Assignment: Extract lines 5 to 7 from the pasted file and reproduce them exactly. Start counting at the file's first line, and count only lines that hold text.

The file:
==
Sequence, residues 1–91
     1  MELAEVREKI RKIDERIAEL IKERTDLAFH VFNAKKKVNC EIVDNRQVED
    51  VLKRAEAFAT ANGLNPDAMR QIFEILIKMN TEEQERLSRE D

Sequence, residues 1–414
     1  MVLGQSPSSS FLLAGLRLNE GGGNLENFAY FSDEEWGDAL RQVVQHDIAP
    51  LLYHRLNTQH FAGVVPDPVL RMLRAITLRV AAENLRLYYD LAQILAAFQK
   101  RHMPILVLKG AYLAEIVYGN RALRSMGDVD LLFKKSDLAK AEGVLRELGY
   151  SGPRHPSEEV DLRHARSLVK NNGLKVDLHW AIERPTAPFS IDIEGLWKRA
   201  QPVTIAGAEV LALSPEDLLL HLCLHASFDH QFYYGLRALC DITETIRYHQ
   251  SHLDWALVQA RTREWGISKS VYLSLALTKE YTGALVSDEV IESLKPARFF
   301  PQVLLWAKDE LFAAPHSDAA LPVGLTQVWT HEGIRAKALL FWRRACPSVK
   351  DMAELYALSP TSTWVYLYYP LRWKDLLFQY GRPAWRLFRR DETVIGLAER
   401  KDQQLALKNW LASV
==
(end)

     1  MVLGQSPSSS FLLAGLRLNE GGGNLENFAY FSDEEWGDAL RQVVQHDIAP
    51  LLYHRLNTQH FAGVVPDPVL RMLRAITLRV AAENLRLYYD LAQILAAFQK
   101  RHMPILVLKG AYLAEIVYGN RALRSMGDVD LLFKKSDLAK AEGVLRELGY